BEYOND PEAK INDIFFERENCE #2 – In the last 250 years since the start of the industrial revolution, mankind has doubled the amount of CO2 in the atmosphere. More than half of this was added by us in the last 50 years. The Paris climate agreement seeks to limit our impact on the climate. But the carbon that already is in the atmosphere will still be there in the future. Tree planting programs will help to reduce it by storing it in the form of trees and other plants. However – unless we use the wood to construct houses this storage is only temporary and will return to the atmosphere as soon as the wood rots or is burnt. All our efforts therefore will only more or less fix the status quo. It will not help to revert the temperature increases we already experience now, and it will not stop the vicious cycles of permafrost dew, species extinction or reef bleaching.
To bring back the effects, we need to lower temperatures to pre-industrial levels, returning the CO2 to where we extracted it from – subterranean oil or gas fields, coal mines and other caverns. We already have the technology to capture carbon and store it. The problem – it needs suitable storage space and it needs a lot of energy. Siberia for example has huge basalt caves that would provide enough space to store all carbon of the industrial age and with atomic energy we have a source of power that can is carbon neutral and can be provided in almost any condition, independent from sun hours or wind conditions. Of course the problem of atomic waste remains an issue that needs to be dealt with but in the face of the climate change challenge, this might be a manageable problem. If we use latest reactor technology, then we can even use today’s nuclear waste for a long period of time. Furthermore, new technologies make Chernobyl and Fukushima type disasters impossible.
In the face of climate change we need to step up. We need to challenge ourselves and think big. Bigger than ever. Why not having another “landing on the moon” pledge, similar to Kennedy’s speech of September 1962. At the time only few of the means to achieve that were available. It sparked unprecedented technological development and unleashed huge financial resources. Considering what is at stake there should be little discussion about economic resources and thinking big is a necessity when having to deal with the 2000 Gigatons of Carbon dioxide our species extracted from mother earth.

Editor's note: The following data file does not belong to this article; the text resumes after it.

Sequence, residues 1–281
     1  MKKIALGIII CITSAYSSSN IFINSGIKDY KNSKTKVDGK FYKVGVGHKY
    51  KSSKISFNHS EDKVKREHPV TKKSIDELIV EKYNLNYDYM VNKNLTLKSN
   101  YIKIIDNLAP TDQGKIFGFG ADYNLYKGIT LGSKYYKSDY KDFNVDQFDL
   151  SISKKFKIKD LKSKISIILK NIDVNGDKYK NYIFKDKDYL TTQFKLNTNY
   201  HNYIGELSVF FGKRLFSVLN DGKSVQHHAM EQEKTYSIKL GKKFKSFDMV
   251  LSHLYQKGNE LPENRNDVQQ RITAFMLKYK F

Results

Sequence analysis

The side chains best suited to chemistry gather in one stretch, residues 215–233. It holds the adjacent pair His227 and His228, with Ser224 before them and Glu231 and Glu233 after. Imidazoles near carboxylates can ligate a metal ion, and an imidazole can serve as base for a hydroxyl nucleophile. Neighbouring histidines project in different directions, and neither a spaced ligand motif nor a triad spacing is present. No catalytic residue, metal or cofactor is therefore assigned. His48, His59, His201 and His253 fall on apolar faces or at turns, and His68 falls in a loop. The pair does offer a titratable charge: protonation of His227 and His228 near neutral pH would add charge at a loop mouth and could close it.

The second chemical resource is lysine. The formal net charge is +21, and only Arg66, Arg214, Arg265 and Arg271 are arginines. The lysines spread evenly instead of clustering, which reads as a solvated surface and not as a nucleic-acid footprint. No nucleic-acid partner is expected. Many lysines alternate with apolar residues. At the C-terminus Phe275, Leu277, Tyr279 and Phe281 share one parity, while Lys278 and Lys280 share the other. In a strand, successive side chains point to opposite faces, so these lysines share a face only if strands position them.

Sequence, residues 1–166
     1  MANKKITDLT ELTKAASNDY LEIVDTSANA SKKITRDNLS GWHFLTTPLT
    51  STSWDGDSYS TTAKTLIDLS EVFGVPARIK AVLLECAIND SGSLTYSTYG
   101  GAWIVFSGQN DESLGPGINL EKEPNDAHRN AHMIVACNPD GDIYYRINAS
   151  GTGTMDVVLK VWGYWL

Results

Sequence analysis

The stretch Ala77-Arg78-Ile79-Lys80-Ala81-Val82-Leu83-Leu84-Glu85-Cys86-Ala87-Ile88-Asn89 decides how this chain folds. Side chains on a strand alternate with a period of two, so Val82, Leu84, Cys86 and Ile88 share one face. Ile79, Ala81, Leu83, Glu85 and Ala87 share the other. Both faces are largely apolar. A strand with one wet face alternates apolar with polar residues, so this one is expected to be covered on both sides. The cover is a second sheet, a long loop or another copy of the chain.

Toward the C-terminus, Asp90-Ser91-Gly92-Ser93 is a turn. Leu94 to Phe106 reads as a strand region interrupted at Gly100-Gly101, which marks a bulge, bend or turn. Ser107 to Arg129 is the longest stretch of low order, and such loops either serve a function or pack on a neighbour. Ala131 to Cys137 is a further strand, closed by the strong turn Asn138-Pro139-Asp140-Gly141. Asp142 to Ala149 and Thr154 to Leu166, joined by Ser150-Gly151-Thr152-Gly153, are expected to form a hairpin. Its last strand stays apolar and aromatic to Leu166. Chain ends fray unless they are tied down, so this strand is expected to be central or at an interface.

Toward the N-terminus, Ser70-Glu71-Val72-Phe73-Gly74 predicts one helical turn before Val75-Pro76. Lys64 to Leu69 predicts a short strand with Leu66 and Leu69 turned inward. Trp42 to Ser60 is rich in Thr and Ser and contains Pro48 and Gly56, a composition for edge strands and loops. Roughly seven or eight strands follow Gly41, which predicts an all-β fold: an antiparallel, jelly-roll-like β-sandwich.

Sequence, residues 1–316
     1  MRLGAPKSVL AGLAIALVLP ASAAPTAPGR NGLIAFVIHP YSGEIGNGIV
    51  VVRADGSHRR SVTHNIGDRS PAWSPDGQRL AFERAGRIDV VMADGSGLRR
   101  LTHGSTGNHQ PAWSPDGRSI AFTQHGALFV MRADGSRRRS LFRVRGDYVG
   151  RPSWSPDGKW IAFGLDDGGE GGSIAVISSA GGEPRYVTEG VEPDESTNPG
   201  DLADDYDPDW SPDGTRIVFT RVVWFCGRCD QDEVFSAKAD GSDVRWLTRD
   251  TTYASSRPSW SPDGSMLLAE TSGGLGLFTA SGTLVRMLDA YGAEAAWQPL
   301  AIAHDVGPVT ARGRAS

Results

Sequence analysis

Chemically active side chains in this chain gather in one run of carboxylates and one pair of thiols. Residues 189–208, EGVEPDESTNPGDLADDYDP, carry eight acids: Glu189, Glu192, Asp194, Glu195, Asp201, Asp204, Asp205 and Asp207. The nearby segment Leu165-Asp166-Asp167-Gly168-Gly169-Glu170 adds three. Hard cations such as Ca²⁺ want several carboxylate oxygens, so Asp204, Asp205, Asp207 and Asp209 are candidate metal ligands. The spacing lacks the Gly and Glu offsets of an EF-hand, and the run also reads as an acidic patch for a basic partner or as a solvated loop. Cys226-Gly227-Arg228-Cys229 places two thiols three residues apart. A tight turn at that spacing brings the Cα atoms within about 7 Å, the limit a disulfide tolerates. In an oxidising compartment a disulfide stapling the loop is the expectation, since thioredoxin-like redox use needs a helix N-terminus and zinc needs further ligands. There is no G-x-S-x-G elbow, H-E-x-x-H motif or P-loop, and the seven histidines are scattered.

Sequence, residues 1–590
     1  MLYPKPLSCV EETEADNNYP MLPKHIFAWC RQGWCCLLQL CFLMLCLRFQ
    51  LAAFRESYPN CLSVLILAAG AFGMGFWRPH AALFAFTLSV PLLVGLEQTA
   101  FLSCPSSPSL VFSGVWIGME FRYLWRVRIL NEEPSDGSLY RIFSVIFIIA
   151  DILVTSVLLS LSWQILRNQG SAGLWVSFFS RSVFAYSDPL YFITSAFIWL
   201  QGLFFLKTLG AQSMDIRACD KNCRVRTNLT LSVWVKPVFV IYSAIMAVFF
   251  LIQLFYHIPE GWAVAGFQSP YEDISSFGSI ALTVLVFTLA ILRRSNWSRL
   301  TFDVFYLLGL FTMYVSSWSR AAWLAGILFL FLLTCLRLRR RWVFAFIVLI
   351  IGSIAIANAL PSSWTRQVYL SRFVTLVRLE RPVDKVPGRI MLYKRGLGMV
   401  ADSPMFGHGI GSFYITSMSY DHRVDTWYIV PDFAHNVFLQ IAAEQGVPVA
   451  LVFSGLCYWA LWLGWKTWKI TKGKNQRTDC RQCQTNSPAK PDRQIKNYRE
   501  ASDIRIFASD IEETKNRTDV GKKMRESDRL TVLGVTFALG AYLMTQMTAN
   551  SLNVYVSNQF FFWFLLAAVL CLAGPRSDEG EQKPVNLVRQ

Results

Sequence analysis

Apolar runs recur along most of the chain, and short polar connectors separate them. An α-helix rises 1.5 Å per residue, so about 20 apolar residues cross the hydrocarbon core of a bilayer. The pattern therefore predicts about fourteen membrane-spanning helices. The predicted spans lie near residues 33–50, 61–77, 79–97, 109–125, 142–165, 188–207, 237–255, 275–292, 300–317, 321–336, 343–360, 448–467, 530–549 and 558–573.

Marina Dubova, Pierce Myers and Brian Wolff, three graduates of Strelka Institute in Moscow propose exactly that. They show us, that we need to embrace scaling up and to accept that – next to a change in lifestyle – large scale technology is a necessary ingredient in solving the climate change problem. That was not exactly what Richard Buckminster Fuller was referring to in his book ‘Operating Manual for Spaceship Earth’, published in 1969. But his idea of our planet as a mechanical vehicle that needs maintenance is more valid than ever before. We constantly do that when cleaning our sewage, when filtering particles from diesel engine exhausts, or when re-naturalizing damaged ecosystems. Why not doing the same with the carbon in our air?
by Markus Appenzeller
title picture: Marzin Jozwiak